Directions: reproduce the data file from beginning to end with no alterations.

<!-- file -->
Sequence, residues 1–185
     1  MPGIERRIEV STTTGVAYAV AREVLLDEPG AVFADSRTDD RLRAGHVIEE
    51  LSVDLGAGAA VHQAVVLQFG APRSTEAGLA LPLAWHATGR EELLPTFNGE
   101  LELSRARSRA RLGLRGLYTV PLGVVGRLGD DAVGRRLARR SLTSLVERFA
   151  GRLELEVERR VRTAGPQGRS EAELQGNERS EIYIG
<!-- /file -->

Sequence, residues 1–185
     1  MPGIERRIEV STTTGVAYAV AREVLLDEPG AVFADSRTDD RLRAGHVIEE
    51  LSVDLGAGAA VHQAVVLQFG APRSTEAGLA LPLAWHATGR EELLPTFNGE
   101  LELSRARSRA RLGLRGLYTV PLGVVGRLGD DAVGRRLARR SLTSLVERFA
   151  GRLELEVERR VRTAGPQGRS EAELQGNERS EIYIG